In contrast, private loans are made by private organizations such banks, credit unions, and state- based or state-affiliated organizations, and have terms and conditions that are set by the lender. Private student loans are generally more expensive than federal student loans.

 What does federal aid cover? What should loans be used for?

Federal aid is available to pay for your Cost of Attendance. The Office of Financial Assistance and Employment develops the cost of attendance as it is the average cost to attend the University. It is also the maximum amount of all aid you can receive from any source (i.e., loans from federal, state, or private lenders) for the academic year (fall and spring semesters).

Loan funds should be used for actual cost of attendance (tuition, housing, food, books, and necessary miscellaneous school-related expenses). During your time in law school, you can request a one-time only increase to buy a new computer. (Receipts and documentation directly in your name are required). Further, if you experience an emergency (i.e., unexpected car repair) and extra funds are needed, you can make a one-time request for an increase using the Cost of Attendance Review Form (not yet available for 2021-22). Again, the request must be school-related, and receipts tied to your name must be submitted.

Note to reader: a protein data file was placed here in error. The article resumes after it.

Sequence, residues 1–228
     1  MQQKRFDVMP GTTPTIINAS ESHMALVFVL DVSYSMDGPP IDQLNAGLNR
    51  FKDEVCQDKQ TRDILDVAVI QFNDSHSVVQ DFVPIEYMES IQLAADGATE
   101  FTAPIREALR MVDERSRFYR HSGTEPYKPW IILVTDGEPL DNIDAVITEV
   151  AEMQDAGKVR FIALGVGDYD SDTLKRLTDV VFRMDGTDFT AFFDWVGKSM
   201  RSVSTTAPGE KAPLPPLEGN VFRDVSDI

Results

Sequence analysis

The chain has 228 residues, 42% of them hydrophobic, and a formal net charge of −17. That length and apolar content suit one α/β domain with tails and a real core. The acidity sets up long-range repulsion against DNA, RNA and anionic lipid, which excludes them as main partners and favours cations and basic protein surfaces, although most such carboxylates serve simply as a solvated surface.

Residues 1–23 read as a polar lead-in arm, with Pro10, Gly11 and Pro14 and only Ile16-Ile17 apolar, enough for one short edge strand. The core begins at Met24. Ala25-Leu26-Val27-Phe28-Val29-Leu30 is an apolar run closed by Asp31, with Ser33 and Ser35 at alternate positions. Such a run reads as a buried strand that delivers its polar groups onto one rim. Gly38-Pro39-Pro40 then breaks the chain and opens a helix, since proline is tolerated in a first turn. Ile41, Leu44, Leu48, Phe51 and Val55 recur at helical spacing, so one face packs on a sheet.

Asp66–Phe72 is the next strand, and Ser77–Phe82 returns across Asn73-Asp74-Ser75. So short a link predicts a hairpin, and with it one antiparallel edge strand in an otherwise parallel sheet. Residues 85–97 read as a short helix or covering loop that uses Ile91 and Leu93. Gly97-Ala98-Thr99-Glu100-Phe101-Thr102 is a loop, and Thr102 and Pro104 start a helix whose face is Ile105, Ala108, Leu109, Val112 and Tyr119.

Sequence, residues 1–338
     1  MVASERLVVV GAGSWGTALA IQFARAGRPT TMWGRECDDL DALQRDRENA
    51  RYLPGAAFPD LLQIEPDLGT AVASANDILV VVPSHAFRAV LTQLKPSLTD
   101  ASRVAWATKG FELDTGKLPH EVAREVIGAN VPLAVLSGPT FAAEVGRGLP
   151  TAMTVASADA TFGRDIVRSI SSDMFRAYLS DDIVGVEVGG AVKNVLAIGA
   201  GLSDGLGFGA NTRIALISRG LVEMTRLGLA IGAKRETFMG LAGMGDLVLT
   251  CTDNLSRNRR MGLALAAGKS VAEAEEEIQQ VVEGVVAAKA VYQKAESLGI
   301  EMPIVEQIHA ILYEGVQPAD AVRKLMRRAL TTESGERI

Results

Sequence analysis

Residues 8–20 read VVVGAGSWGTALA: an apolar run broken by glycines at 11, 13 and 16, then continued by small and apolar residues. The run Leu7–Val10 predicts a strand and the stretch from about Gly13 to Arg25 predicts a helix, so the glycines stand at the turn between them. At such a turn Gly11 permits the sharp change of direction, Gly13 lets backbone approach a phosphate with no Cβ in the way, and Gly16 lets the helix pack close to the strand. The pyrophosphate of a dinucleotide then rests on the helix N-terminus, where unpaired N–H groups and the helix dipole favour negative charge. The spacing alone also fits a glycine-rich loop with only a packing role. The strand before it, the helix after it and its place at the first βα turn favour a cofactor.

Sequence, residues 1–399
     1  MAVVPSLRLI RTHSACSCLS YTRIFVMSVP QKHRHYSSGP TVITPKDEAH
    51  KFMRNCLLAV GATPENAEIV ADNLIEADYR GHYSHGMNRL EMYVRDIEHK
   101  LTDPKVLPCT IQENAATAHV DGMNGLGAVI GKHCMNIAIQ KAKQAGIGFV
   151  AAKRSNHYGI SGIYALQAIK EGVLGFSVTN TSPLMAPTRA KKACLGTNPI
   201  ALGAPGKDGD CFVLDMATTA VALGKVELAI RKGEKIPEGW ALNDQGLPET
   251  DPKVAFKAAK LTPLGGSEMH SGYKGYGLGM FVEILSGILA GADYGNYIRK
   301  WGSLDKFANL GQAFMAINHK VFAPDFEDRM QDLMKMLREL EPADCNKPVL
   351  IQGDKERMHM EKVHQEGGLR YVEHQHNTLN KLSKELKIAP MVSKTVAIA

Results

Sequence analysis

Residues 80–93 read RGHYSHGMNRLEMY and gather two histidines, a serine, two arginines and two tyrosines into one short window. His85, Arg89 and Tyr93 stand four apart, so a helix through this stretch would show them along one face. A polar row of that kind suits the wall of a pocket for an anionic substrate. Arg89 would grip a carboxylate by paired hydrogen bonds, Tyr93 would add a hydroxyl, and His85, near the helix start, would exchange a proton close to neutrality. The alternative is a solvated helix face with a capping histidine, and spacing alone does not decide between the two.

Do I need an endorser for my loans?

An endorser is not needed for the Direct Unsubsidized Loan. However, the Graduate PLUS Loan has a credit check requirement, which is conducted by the Department of Education and may require an endorser under certain conditions. If you are denied a Graduate PLUS Loan, information about the appeal process will be provided directly to you by the DOE.

 When should I accept my loans?

Accepting your loans by mid-June will allow ample time for processing and disbursement in a timely manner.

 How will I receive my funds? What is the disbursement process?

If you are taking out federal loans, you are doing so with the understanding that the funds are sent directly to the University to pay charges being billed by the University for that semester. If you want the Office of Student Account Services to use your loans to cover your parking pass or health insurance for which you will be billed, you must complete the Title IV authorization in your CaneLink portal. You should not expect to get a refund prior to the first week of classes and this will be forthcoming only if you have completed all required steps in order for the funds to be released to the University. You will not have access to your loan funds for purchases until the refund is released.